FaithWorld

Nigerian Christians warn of religious war after two dozen die in Christmas bombing

December 27, 2011

(A car burns at the scene of a bomb explosion at St. Theresa Catholic Church at Madalla, Suleja, just outside Nigeria's capital Abuja, December 25, 2011. REUTERS/Afolabi Sotunde)

Northern Nigerian Christians said on Tuesday they feared that a spate of Chrtistmas Day bombings by Islamist militants that killed over two dozen people could lead to a religious war in Africa’s most populous country. The warning was made in a statement by the northern branch of the Christian Association of Nigeria (CAN), an umbrella organization comprising various denominations including Catholics, Protestant and Pentecostal churches.

The Boko Haram Islamist sect, which aims to impose sharia Islamic law across Nigeria, claimed responsibility for the blasts, the second Christmas in a row it has caused carnage at Christian churches.

Saidu Dogo, secretary general for the organization in Nigeria’s 19 northern provinces called on Muslim leaders to control their faithful, saying Christians will be forced to defend themselves against further attacks. “We fear that the situation may degenerate to a religious war and Nigeria may not be able to survive one. Once again, ‘enough is enough!’,” Dogo said.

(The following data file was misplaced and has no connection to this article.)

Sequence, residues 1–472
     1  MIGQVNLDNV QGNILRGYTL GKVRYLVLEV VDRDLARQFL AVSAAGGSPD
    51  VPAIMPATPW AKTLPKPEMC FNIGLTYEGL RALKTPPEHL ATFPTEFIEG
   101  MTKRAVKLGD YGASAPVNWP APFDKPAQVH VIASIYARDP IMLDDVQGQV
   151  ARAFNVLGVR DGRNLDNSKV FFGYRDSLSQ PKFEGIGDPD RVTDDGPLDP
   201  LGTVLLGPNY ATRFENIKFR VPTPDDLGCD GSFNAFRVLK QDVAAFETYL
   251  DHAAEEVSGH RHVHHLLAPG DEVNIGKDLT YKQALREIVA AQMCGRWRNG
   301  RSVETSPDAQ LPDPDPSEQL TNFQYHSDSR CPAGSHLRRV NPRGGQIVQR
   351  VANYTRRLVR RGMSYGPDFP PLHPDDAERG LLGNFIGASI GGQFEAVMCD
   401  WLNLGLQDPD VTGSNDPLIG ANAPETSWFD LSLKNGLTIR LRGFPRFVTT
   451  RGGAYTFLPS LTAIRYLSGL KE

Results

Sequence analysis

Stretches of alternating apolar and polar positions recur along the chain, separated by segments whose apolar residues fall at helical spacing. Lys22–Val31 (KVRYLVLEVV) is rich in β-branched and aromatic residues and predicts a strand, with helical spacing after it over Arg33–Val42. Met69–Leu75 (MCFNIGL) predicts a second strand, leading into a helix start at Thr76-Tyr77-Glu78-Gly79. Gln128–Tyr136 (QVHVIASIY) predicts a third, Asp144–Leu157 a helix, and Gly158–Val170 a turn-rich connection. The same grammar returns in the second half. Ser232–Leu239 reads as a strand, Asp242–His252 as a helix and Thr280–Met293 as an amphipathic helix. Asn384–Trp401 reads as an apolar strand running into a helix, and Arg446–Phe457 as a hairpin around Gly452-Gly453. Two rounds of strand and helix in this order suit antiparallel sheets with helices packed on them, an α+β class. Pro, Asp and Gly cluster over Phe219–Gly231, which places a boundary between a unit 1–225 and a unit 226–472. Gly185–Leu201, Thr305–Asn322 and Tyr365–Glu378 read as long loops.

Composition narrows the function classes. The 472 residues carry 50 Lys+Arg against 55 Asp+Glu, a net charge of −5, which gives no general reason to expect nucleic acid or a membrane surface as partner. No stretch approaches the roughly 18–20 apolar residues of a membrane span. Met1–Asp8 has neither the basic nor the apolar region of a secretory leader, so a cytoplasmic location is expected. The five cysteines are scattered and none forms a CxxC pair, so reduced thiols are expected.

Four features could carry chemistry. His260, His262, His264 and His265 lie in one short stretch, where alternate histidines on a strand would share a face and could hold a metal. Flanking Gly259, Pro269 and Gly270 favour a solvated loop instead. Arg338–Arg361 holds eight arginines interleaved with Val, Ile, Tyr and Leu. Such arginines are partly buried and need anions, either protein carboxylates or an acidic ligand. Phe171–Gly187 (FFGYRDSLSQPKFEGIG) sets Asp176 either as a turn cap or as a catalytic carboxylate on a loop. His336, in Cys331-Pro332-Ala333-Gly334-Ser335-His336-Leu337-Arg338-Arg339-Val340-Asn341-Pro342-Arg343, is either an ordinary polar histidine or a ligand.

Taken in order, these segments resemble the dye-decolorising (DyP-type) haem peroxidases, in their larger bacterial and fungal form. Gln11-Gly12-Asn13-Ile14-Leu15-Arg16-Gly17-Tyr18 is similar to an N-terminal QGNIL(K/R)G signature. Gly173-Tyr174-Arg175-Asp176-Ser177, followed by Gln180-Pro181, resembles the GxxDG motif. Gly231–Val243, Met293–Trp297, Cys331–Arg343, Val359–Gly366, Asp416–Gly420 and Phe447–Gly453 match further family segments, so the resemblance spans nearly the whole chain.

The attacks risk reviving tit-for-tat sectarian violence between the mostly Muslim north and the largely Christian south, which has claimed thousands of lives in the past decade.

Read the full story here. For further Reuters coverage from Nigeria in recent days, see the following:


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